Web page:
Whitepaper/App Note

Application note: Downstream biopharmaceutical operations

Posted: 1 September 2016 | | 1 comment

This Kaiser application note focuses on real-time, in situ process understanding using a Raman-based PAT approach. Raman spectroscopy is uniquely useful for biotechnology ‘Quality by Design’ (QbD) applications because it enables fast, non-destructive monitoring and control…

This application note addresses three key issues:

  • Real-time, in situ process understanding using a Raman-based PAT approach
  • Testing and release of formulation buffers
  • Quantitative monitoring of excipient and protein concentrations in downstream bioprocesses

Introduction

The Process Analytical Technology (PAT) initiative of the U.S. FDA provides a framework for implementing principles of “Quality by Design” (QbD), which promotes quality assurance through understanding and controlling the critical process parameters that affect a biologic product’s critical quality attributes. To this end, rapid, non-destructive spectroscopic methods offer significant monitoring and control options for bioprocess unit operations such as in situ monitoring of purification cycles, buffer identification, protein aggregation, product identification, and quality control.

Extending process understanding to downstream bioprocesses is vital to ensure high-quality biological products. Current research is focused on gaining a better understanding of biologic downstream steps by quantitatively measuring key analytes such as amino acids, sugars, and proteins. Similar technology has been used to trend nutrient and metabolite concentrations in situ and in real time during upstream bioprocessing stages3. Raman spectroscopy is uniquely useful for biotechnology QbD applications because it enables fast, non-destructive monitoring and control. The work presented here investigates the development and application of new bioprocess analytics in accordance with the aims of QbD.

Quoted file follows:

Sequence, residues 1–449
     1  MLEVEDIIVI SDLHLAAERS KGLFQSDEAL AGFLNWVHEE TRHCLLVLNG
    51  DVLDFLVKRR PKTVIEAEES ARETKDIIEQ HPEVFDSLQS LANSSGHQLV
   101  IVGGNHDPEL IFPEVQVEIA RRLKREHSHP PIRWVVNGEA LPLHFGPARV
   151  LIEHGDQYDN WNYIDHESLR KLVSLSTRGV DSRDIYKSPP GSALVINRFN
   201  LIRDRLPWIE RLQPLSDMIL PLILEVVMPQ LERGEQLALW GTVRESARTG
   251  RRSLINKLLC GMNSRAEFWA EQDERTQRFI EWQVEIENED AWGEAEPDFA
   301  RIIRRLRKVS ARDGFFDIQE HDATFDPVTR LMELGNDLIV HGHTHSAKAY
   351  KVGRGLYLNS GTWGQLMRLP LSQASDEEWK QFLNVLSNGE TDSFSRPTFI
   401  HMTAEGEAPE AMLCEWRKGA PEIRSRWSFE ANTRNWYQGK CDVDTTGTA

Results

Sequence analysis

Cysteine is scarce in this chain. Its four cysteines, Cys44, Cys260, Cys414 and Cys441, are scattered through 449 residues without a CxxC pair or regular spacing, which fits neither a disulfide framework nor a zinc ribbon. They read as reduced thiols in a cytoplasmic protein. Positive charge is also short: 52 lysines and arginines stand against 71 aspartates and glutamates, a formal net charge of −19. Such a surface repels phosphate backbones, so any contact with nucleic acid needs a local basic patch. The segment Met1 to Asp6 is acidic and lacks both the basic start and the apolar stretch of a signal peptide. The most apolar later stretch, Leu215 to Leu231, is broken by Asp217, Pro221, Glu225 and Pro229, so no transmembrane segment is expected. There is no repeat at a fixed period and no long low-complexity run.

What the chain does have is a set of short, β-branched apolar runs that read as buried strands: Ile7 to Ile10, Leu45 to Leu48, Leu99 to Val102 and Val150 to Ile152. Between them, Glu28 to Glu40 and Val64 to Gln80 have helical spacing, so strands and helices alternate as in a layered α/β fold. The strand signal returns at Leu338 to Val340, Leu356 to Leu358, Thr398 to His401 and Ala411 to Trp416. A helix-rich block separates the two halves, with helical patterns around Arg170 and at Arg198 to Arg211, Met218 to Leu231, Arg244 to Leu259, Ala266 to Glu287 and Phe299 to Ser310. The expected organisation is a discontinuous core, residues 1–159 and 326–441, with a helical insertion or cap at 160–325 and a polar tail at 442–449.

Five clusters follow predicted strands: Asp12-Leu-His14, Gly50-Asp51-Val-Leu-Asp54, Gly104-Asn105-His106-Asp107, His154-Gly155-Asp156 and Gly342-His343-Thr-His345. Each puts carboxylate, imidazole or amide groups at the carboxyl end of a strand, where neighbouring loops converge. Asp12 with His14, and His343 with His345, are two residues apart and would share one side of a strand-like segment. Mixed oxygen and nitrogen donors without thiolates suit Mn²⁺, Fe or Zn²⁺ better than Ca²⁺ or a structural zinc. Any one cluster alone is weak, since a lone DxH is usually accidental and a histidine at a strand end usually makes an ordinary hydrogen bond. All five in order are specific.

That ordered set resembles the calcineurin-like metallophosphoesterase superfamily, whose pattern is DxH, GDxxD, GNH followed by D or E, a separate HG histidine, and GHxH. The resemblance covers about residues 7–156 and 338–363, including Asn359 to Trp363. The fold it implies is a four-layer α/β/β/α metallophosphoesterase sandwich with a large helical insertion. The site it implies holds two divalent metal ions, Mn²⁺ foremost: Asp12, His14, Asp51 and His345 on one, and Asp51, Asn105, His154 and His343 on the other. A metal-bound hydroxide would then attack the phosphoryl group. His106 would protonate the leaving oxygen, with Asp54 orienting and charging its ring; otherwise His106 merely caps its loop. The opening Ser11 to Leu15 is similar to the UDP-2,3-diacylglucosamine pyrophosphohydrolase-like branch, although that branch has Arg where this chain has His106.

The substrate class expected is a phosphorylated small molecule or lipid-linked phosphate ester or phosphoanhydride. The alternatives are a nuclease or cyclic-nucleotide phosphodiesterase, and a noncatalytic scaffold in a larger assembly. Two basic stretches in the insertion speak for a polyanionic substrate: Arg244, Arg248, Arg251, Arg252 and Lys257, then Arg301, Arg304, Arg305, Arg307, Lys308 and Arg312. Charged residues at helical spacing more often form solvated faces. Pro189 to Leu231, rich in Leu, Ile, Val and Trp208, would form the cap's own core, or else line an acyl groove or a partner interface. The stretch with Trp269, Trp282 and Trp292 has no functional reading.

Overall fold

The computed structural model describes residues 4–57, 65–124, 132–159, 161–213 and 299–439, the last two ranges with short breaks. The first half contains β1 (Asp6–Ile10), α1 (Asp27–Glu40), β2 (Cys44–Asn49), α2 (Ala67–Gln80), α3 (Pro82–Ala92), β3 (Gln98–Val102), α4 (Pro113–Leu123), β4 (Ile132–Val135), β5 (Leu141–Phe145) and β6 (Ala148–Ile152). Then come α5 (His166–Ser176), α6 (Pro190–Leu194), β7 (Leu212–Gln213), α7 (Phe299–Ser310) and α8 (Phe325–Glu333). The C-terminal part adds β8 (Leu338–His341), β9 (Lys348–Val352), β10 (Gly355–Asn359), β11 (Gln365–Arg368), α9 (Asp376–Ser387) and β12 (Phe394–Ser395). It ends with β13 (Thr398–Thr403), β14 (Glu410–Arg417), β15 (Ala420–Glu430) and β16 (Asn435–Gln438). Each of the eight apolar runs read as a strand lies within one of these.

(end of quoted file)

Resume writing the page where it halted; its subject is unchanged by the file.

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One response to “Application note: Downstream biopharmaceutical operations”

  1. I tried to register several times but was not accepted, despite inputting all the requirements. Frankly, requiring “double s” symbols (as in German such as “Strasse”) is not helpful where keyboards do not have such a function. A more user-friendly” system is more appropriate

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